“What do you want to do before you die?” Someone posed this question on The Today Show (03/26/12) followed by a segment on a group of men who were checking off things on their bucket list. After viewing this segment, it occurred to me that the movie became a movement. The phrase “kick the bucket” means to die. Therefore, the bucket list is a list of things you want to do before you die. Dr. Ray Pritchard notes, “John Wesley, the founder of the Methodist movement, used to say about his people, ‘Our people die well.’” [I wonder if he could say that today about Christians in general.] Dr. Pritchard observes, “In earlier generations Christians talked about death a lot more than we do now. The Puritans actually wrote books to help one another learn how to die well. Dying well was considered to be a Christian virtue.”
Peggy Noonan states, “Our ancestors believed in two worlds, and understood this to be the solitary, poor, nasty, brutish and short one. We are the first generation of man that actually expected to find happiness here on earth and our search for it has caused such unhappiness.” If Solomon could read Peggy’s statement he would likely say, “Tell me about it.” Remember, Solomon wrote a book about this very thing called Ecclesiastes. In it, he reveals the findings of his grand experiment.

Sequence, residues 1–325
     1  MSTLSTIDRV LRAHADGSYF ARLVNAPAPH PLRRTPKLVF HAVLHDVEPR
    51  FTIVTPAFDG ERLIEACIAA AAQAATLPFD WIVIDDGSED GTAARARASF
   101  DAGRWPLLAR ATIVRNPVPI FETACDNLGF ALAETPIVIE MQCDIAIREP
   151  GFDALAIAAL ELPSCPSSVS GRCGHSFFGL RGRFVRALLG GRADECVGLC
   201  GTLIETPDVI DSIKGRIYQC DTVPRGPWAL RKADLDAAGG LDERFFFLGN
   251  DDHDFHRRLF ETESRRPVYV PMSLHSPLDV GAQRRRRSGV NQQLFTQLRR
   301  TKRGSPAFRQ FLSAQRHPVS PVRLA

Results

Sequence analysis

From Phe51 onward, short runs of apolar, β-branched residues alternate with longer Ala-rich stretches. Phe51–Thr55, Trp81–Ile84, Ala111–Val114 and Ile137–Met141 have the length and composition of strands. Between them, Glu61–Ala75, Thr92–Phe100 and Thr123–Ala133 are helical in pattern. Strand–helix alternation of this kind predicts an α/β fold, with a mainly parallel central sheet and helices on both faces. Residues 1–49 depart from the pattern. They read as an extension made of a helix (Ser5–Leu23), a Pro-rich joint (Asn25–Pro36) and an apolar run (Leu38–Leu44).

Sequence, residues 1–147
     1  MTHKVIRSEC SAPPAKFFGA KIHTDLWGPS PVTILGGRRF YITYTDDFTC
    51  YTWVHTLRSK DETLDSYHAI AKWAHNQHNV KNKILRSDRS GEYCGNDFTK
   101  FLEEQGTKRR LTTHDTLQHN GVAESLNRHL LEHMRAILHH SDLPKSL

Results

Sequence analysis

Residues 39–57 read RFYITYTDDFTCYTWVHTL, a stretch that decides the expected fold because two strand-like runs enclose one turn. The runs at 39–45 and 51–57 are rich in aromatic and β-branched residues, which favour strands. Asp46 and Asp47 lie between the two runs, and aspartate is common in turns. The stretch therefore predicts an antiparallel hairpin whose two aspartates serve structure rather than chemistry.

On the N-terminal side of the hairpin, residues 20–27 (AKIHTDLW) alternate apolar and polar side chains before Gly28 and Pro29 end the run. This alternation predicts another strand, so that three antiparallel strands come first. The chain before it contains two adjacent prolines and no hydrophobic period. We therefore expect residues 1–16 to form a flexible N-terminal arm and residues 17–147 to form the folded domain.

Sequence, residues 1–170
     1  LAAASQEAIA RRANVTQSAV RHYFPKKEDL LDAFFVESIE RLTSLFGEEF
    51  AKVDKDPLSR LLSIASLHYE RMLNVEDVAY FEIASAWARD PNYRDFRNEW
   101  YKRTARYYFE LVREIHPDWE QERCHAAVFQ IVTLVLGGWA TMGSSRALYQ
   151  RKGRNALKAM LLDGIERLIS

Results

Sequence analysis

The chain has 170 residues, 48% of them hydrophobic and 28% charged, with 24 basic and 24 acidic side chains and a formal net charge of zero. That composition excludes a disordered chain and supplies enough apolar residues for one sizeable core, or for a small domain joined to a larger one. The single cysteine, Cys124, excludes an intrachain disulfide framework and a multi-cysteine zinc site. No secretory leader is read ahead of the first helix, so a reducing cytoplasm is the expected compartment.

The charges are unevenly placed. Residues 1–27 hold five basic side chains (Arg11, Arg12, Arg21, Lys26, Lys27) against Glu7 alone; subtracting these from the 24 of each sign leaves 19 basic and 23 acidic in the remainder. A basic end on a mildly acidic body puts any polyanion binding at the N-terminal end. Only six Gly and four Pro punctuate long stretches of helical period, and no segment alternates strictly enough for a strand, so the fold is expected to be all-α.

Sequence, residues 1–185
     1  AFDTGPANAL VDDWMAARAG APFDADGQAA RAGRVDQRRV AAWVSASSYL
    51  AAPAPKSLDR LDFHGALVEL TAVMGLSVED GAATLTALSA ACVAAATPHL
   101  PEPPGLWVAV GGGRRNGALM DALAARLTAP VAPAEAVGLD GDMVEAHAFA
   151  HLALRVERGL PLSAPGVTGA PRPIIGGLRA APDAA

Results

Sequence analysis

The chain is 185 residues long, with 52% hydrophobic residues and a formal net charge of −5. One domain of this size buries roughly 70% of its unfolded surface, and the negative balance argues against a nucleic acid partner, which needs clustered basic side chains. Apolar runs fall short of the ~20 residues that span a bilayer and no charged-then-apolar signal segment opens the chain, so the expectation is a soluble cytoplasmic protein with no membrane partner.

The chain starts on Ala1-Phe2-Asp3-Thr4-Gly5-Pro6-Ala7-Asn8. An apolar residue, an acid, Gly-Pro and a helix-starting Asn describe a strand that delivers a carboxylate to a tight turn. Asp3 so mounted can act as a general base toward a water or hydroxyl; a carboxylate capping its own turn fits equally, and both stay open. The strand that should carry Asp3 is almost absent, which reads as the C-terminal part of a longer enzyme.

John MacArthur says that the book contains the names of all “those chosen for salvation.” As a Calvinist, this means that God unconditionally elected them to salvation, and they will receive the internal efficacious call, irresistible grace, resulting in regeneration followed by an inevitable free choice to believe. Immediately following these words he says, “Unbelievers, those whose names are not recorded in the book of life, will ‘perish, because they did not receive the love of the truth so as to be saved’ (2 Thessalonians 2:10). Scripture also teaches that the faithless will be judged because they ‘did not believe the truth, but took pleasure in wickedness’ (2 Thessalonians 2:12). While the eternally elect are saved through faith in the Lord Jesus Christ (John 3:16; 5:24; Acts 13:39; 16:31; Romans 3:22–30; 4:5; 10:9–10; Galatians 3:22-26; Ephesians 2:8–9), the nonelect are lost because they refuse to believe the gospel (John 3:36; Romans 1:18-32; 2:8; 2 Thessalonians 1:8–9; 1 Peter 2:8; 4:17). Unbelief and rejection always indicate those persons whose names were not written … in the book of life.”[i]